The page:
Blazing Trails for Winter Adventures in Alaska

Winter visitors enjoy the northern lights in Wiseman, a town near Coldfoot, Alaska. Photo: Jack Reakoff

Blazing trails is something Alaskans and visitors to Alaska know a lot about. Traversing far and wide through wilderness, skiing, mushing or hiking in the quiet and solitude of nature. Getting the feeling like you are the first one to explored an area!! The expression “blazing trails” was first used in the late 18th century to mean marking a forest trail by making blazes, or notches, in bark. Today, the term refers to breaking new ground or doing something with a pioneering spirit. It’s that pioneering spirit that is both fed by and helps protect Alaska’s unique wilderness and places like the Kanuti National Wildlife Refuge.

Blazing trails isn’t just about being out in the wilderness. It’s about finding creative ways to connect people to the wonderful wild places of Kanuti Refuge. In the past few years, the staff, along with partners, blazed a special trail — providing winter-time visitor services in remote Coldfoot, Alaska.

Coldfoot Field Station covered in snow. Photo by USFWS

Winter visitation was sharply increasing in the Brooks Range which is an area near the Coldfoot Field Station. What a great opportunity to provide services such as information and interpretation about the nearby public lands (Kanuti, Yukon Flats and Arctic National Wildlife Refuges, Gates of the Arctic National Park and Preserve, and the Bureau of Land Management’s Dalton Highway Corridor).

We identified and carved out an underused area in the Kanuti Coldfood Field Office, no bigger than a tiny Alaskan dry cabin (think of an episode of Tiny House Hunters), and transformed it into a vibrant one-stop spot that provides winter visitor services. Though the center is small, the vision behind it isn’t. Kanuti staff, partners and volunteers created the new center almost exclusively by recycling resources, using them in fresh ways to provide most of the visitor services any new visitor center would, but without the cost! Now in the second winter of being open to the public, the little center continues to see increasing visitation, and a growing need for additional public services.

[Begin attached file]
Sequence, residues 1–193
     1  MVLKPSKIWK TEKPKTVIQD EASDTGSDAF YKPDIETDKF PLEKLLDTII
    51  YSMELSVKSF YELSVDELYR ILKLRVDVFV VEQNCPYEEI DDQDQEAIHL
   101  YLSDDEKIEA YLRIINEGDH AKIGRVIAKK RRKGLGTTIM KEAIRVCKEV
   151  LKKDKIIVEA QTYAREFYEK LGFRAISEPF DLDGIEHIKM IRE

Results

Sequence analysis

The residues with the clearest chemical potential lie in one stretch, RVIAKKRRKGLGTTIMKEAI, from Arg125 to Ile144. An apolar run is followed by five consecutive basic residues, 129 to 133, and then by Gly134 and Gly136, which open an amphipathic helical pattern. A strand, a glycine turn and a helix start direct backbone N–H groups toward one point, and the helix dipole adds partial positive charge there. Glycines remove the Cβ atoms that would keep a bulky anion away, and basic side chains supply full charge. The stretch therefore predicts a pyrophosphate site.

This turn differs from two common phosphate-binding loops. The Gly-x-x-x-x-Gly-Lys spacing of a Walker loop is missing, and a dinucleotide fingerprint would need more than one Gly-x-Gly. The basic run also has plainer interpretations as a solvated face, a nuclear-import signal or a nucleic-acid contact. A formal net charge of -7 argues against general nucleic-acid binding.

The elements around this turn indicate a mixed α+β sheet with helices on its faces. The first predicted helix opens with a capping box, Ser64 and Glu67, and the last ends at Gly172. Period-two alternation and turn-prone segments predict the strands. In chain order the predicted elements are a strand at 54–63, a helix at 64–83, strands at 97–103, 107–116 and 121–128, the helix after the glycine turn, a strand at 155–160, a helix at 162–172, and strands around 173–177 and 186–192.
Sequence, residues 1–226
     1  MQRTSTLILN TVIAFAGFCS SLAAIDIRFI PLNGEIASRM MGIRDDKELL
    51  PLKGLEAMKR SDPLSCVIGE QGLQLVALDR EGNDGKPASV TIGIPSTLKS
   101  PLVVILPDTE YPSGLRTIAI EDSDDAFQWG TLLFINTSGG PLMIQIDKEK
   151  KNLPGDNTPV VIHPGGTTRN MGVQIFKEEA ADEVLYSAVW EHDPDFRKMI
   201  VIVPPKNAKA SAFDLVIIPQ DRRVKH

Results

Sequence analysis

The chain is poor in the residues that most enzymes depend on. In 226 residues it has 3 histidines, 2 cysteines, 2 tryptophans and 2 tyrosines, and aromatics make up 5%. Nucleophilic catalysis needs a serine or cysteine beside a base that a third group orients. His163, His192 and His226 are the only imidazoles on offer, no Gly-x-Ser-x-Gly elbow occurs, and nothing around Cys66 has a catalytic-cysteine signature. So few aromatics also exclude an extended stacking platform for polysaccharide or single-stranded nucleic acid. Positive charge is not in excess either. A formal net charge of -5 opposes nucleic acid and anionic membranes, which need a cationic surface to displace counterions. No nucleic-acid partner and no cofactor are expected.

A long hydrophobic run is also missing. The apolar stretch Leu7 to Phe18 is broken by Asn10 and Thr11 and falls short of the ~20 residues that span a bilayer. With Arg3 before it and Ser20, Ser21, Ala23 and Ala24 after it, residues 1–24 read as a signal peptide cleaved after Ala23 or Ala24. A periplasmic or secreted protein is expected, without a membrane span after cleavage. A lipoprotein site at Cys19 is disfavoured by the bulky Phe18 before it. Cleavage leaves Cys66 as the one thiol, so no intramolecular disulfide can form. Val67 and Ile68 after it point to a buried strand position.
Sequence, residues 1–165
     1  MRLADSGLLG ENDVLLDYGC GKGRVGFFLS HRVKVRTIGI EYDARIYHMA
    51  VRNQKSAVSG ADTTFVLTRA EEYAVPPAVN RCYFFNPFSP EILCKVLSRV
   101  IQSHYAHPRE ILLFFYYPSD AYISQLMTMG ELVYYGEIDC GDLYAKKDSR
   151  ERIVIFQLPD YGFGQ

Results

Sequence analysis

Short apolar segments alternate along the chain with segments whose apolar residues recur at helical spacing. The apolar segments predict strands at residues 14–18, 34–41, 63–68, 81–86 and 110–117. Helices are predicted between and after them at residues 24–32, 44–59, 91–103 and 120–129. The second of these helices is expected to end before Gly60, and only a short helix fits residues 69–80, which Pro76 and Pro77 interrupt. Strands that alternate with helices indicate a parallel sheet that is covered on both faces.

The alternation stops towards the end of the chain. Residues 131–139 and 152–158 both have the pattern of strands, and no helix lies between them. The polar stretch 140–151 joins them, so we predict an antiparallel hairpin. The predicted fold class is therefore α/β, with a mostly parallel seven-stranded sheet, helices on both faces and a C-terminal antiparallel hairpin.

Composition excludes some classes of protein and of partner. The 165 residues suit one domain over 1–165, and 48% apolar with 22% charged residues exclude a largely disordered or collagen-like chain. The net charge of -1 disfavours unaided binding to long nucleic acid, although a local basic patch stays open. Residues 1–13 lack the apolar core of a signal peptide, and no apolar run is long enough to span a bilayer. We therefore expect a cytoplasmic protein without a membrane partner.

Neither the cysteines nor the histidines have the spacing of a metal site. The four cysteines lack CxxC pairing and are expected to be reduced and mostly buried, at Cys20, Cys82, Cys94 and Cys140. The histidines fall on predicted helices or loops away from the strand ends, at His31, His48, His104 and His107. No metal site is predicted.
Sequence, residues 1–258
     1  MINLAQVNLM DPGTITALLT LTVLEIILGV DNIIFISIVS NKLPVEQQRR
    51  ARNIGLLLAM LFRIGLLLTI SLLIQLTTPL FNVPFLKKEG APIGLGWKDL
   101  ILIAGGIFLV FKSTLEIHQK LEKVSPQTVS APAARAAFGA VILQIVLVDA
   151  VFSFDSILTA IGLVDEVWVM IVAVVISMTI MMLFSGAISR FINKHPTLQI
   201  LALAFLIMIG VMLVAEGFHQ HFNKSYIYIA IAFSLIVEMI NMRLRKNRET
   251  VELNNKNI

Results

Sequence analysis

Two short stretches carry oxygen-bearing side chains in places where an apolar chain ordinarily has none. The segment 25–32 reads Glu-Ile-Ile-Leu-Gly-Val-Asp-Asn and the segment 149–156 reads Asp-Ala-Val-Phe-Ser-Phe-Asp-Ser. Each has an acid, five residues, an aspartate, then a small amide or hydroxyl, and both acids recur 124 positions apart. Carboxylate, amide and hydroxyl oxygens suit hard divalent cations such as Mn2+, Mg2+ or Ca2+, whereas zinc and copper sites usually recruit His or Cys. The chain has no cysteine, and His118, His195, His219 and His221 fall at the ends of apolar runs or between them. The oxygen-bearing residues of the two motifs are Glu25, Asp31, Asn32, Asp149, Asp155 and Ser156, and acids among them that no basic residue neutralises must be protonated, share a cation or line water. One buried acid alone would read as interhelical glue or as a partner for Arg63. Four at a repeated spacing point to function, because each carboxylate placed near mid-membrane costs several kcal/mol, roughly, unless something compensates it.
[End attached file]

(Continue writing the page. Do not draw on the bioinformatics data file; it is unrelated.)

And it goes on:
Winter adventurers express their appreciation for the winter visitor center in Coldfoot, Alaska. Photo by USFWS

The winter visitor center has closed as springtime takes hold and staff prepare to open the nearby Arctic Interagency Visitor Center, which is open from late May to early September. Before opening again next winter, improvements will be made that will increase heating and electrical efficiency and provide visitors with a little more room. Until then, Kanuti Refuge staff will keep “blazing trails” for the conservation of this special Refuge. Looking forward to seeing visitors next year at the winter visitor center and helping them blaze trails of their own.

Kristen Reakoff, Interpretive Park Ranger at Kanuti National Wildlife Refuge in Alaska.

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